Lleyton Hewitt’s high hopes of reviving his fortunes at his 17th Australian Open were given short shrift when he was out-slugged by bespectacled Serb Janko Tipsarevic on the opening evening.
While the veteran displayed many of his trademarks – the c’mons, the plucky scrambling, clever court craft and clean volleying – he was unable to overcome his opponent’s advantage in power, falling in straight sets 7-6, 7-5, 6-3 in slightly over three hours.
First-round defeat for Lleyton
Sri Lanka levels One Day series
Tim Cahill's Aussie club debut
Rohan Connolly on the unexpected kangaroo cull
Kelly Slater scores perfect heat
Dane Swan jokes his way into retirement
Lyon trying for finale
Plays of the Week
First-round defeat for Lleyton
Lleyton Hewitt said he was "disappointed" to be knocked out of the Open so early, losing in straight sets to Serb Janko Tipsarevic 7-6 7-5 6-3.
Like many a champion footballer, Hewitt retains his skills, but in his 30s – he turns 32 next month – no longer has the zip that allowed him to compensate for his power deficit.
That said, the distance between Tipsarevic and Hewitt wasn’t enormous. It remained pretty constant, though.
There was only one phase of the match – early in the second set – when one could say that Hewitt was actually in a commanding position and this would prove fleeting.
While the first set was very tight, without a break of serve, Tipsarevic was able to raise his game in the tiebreaks, as the better player so often does, and as Hewitt so often did. Hewitt’s better moments – particularly in the opening three games of the second set, when he gained two service breaks – invariably saw him playing with aggression.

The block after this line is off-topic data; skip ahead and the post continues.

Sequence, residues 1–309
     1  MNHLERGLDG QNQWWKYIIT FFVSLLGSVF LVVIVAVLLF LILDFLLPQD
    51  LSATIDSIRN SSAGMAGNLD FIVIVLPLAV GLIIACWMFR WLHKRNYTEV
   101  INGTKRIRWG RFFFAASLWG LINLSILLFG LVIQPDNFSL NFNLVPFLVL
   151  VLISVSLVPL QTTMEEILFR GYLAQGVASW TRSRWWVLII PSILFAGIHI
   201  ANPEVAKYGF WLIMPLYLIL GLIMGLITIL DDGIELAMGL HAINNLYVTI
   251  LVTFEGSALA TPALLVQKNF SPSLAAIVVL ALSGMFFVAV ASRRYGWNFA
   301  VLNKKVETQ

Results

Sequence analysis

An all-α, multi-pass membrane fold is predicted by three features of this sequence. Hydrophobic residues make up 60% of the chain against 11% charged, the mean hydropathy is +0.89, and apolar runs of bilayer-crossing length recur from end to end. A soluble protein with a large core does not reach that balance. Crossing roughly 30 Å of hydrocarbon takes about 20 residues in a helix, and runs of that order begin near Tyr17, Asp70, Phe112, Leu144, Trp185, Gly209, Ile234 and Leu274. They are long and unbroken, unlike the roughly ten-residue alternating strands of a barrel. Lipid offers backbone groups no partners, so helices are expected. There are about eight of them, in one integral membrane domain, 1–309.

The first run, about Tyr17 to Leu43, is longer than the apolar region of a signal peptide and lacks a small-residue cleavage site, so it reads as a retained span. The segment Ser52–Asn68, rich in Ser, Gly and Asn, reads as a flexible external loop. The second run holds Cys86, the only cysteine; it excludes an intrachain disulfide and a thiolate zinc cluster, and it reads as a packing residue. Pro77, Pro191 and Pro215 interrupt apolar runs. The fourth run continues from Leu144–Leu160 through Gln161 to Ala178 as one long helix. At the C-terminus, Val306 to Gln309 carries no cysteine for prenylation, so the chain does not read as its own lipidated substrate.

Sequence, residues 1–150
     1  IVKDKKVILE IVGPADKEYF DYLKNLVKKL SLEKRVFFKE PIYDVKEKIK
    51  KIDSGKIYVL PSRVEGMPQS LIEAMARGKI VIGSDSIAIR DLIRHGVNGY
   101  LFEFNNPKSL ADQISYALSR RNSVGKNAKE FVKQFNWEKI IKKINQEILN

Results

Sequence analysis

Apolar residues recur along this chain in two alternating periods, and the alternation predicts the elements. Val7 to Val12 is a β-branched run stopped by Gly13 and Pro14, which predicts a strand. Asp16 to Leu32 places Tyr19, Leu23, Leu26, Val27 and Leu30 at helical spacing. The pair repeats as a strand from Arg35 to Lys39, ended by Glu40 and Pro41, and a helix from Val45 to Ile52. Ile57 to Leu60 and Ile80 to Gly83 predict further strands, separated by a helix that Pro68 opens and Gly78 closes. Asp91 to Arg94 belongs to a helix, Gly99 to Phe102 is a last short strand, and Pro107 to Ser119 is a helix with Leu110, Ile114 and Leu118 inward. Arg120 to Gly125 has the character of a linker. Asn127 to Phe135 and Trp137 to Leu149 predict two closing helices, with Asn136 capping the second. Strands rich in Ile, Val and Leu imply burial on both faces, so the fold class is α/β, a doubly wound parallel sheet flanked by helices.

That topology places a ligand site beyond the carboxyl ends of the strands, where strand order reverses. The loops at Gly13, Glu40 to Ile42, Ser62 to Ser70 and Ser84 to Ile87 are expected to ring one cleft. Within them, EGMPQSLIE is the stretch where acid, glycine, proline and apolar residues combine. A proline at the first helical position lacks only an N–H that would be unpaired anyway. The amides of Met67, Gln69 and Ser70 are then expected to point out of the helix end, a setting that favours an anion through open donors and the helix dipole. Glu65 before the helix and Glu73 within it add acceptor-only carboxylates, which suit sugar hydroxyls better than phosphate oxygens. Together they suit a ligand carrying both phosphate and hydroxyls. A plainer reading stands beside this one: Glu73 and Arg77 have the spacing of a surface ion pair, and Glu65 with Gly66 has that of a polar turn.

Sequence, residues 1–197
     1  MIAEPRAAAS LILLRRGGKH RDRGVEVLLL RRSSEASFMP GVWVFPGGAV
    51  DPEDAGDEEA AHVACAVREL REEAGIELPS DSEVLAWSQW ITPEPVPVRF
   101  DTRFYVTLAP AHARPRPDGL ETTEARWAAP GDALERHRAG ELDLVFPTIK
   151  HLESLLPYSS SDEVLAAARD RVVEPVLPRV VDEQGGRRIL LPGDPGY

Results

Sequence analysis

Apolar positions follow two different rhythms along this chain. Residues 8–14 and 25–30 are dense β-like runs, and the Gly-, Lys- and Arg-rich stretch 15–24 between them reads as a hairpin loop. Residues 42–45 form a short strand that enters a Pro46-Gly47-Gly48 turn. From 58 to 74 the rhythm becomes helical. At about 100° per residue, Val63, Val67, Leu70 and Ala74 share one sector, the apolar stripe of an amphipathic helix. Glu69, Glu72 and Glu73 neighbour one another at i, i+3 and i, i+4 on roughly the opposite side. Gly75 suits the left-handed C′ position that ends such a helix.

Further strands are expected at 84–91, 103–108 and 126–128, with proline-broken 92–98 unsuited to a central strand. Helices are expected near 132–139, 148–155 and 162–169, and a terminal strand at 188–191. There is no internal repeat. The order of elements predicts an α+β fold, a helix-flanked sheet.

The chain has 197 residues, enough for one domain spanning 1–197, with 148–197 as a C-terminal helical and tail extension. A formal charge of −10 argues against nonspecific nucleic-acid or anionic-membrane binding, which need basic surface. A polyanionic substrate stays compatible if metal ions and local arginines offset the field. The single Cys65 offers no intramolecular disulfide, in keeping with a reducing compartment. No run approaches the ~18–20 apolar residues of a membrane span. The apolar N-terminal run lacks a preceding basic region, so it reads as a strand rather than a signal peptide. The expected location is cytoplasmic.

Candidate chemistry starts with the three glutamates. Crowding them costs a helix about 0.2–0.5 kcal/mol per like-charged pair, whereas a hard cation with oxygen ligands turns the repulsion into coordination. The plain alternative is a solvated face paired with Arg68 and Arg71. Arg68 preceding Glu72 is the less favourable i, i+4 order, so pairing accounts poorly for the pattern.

Hewitt had entered this Open in a positive frame of mind, having beaten three top 15 players in the Kooyong warm-up. While Kooyong form can be fool’s gold, there was a sense that the Australian, having had a rare run of good fortune with injury, might cause some havoc if he managed to get past ‘‘Tipsy’’, the Serb whose glasses make him look like a welder, but reads Russian novels and is decidedly cerebral in his interests.
Hewitt’s game plan was evident from the outset. He would attack, seeking to close the points quickly. This is a counter-intuitive feature of Hewitt’s later career – that he must play aggressively, rushing the net and hitting winners, when his size and relative lack of power suggests he would play a more patient game.
Hewitt surmised long ago that he had to play a ’’front foot’’ game – take the game on, because he could not win those exchanges of power at the baseline, when the players duel like woodchoppers, before one gradually assumes control by pushing his opponent around.
So, Hewitt’s greatest risk would be to take none. He took them and, for a time, his bold approach had him well placed – in the second set he took a 3-0 lead, with two breaks of serve. But, unlike the Hewitt of yore, he could not keep the foot on his foe’s throat.
If Hewitt was luckless to draw a player of Tipsarevic’s calibre in the first round of a grand slam event, the tennis gods gave him slight respite on net cords; nearly every time the ball clipped the net, it would land in the Australian’s favour. He also was successful in challenging erroneous line calls on several occasions.
So much was riding on the outcome. Had Hewitt prevailed, he would take Tipsarevic’s advantaged position in the draw, giving him an excellent chance of progressing into the fourth round. And once you’re in the second week, as Hewitt said, ’’who knows?’’. Tipsarevic told Jim Courier in the after-match interview that Hewitt was not an ideal first-round opponent.
‘‘No, no please don’t tell me I’m playing Lleyton,’’ was how the Serbian described his reaction upon learning second-hand who he would be playing under lights on Rod Laver Arena. ‘‘It’s as tough as it gets.’’